Interfacing INA219 Board with micropython

I needed a solution to monitor both current and voltage for my battery powered microcontroller projects.

The gotcha was in the measured input being above the Vcc of the microcontroller.

I found INA219 based boards to be suitable. Except there was no library for micropython (which I use for quick prototyping and generally get things done).

While I was testing the board I found that there was some misleading information regarding measuring negative current. Unlike many internet sources the chip is indeed capable measuring the current in both direction. This makes it perfect to monitor charge and discharge of a ~12V battery.

Here is the micropython code (ESP32 board, but should work with others):

from machine import I2C, Pin
INA219 Power Monitor interface.
Copyright GPL3.0

MAX_CURRENT = 3.2 # Amps
R_SHUNT = 0.1 # Ohms

CONF_R = 0x00
SHUNT_V_R = 0x01
BUS_V_R = 0x02
POWER_R = 0x03
CURRENT_R = 0x04

ADDRESS = 0x40

SDA = Pin(21)
SCL = Pin(22)
FREQ = 400000

i2c = I2C(sda=SDA,scl=SCL,freq=FREQ)
i2c.writeto_mem(ADDRESS, CALIBRATION_R ,(CALIBRATION).to_bytes(2, 'big'))

def read_current():
    raw_current = int.from_bytes(i2c.readfrom_mem(ADDRESS, SHUNT_V_R, 2), 'big')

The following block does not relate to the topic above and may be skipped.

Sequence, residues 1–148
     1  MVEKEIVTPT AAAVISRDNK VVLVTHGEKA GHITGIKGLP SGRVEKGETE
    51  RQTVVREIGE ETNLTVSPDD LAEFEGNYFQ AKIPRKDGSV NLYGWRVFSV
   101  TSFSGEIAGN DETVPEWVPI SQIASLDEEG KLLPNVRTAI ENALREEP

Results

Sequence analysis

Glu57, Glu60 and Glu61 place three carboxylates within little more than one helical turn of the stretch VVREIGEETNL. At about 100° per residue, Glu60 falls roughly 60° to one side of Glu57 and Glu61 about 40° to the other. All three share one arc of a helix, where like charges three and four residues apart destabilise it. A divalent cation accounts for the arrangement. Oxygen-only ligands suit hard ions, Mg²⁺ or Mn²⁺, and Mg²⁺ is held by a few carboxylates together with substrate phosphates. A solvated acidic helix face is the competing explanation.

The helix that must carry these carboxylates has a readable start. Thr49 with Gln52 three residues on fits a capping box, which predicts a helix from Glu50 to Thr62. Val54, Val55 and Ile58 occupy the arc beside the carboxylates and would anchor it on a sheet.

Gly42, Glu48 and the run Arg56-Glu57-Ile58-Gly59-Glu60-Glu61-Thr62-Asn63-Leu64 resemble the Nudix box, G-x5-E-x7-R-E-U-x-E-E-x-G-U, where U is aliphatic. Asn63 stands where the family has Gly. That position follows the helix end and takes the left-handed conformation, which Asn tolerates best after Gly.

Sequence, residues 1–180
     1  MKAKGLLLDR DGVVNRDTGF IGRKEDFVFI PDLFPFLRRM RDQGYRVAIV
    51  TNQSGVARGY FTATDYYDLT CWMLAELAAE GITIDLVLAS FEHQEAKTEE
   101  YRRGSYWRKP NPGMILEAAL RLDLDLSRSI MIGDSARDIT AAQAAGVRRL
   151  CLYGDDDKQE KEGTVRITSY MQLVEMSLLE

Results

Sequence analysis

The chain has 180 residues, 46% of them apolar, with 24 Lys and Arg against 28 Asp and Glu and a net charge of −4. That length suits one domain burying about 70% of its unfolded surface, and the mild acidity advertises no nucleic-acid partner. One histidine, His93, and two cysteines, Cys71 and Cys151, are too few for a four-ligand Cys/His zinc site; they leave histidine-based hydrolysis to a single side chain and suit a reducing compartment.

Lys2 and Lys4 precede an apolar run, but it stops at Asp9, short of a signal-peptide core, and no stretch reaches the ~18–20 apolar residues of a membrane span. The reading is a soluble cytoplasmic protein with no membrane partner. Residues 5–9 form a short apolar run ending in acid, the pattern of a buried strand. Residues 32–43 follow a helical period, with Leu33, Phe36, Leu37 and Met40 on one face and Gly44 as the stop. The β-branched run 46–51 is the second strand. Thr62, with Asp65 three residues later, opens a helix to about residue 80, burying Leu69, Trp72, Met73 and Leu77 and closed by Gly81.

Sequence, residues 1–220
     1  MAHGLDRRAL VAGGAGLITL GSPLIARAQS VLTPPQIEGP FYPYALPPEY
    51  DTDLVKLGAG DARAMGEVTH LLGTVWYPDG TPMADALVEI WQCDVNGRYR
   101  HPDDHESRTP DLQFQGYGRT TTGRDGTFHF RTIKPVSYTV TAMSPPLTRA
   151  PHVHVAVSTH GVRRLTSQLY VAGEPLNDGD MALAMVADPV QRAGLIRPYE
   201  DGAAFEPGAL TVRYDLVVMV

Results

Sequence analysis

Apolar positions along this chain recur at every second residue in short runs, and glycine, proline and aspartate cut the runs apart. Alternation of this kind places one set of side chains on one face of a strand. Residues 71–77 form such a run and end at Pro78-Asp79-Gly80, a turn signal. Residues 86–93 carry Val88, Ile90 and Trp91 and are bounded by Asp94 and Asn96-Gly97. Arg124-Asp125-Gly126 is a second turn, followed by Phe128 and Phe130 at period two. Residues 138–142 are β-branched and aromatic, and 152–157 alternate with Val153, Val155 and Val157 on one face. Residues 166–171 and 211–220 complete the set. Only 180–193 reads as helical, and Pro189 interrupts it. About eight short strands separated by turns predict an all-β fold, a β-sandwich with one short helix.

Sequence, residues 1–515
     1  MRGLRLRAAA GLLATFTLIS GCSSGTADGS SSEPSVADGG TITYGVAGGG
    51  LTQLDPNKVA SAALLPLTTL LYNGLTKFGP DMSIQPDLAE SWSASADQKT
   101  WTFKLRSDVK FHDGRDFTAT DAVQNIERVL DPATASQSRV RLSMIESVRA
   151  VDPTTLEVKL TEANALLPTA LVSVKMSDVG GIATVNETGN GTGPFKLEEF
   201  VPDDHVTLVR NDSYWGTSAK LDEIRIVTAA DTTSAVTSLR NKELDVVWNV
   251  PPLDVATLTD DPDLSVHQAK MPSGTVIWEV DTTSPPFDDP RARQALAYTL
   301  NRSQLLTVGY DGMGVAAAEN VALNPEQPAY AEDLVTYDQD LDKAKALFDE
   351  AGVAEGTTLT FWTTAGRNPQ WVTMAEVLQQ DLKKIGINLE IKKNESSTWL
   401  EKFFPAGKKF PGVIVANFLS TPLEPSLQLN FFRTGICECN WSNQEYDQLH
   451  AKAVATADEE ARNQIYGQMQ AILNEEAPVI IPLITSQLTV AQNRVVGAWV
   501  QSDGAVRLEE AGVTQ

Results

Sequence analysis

if raw_current >> 15:
        raw_current -= 2**16
    return raw_current * CURRENT_LSB

def read_voltage():
    return (int.from_bytes(i2c.readfrom_mem(ADDRESS, BUS_V_R, 2), 'big') >> 3) * 0.004

The tricky bit is the calibration, you can read voltage without any calibration, but to make sense for current you will need to set the calibration register (0x05) to a specific value.

The calibration formula can be found here. It is present in the code above as well, all you need to do is define your shunt value (in Ohms) and maximum current you wish to measure (in Amps). Obviously there are limitations that are described in the documentation.

I haven’t implemented read_power(), but it should be straight forward to do.

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